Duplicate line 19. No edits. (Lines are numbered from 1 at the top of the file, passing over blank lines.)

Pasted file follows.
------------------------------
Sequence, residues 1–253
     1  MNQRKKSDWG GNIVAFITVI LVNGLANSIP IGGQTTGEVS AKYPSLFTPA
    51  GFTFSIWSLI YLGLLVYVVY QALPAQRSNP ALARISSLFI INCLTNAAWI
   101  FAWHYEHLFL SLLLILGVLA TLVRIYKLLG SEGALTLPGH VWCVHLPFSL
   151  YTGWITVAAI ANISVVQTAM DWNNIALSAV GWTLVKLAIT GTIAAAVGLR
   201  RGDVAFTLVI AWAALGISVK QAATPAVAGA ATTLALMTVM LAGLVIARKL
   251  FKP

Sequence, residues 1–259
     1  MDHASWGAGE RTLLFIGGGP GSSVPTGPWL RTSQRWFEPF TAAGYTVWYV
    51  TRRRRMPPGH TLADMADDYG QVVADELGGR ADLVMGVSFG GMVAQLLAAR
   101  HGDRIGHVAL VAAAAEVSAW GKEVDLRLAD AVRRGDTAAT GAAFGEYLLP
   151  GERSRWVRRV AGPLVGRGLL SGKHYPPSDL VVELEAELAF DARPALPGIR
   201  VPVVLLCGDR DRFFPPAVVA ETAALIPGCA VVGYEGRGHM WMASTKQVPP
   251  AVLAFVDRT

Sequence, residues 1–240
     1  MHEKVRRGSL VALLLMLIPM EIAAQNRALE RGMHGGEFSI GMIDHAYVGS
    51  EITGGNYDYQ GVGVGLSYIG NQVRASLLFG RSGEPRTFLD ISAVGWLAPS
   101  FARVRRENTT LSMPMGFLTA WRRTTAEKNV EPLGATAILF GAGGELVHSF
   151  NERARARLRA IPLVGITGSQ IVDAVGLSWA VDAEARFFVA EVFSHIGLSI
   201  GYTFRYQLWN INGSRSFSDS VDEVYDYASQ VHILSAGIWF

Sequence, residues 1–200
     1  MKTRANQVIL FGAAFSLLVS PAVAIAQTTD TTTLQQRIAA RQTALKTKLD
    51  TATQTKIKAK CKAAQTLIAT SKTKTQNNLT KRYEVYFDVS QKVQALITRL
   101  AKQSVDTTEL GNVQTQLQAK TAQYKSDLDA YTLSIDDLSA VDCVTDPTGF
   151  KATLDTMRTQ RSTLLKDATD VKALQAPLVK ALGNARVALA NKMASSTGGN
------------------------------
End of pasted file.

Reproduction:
   151  NERARARLRA IPLVGITGSQ IVDAVGLSWA VDAEARFFVA EVFSHIGLSI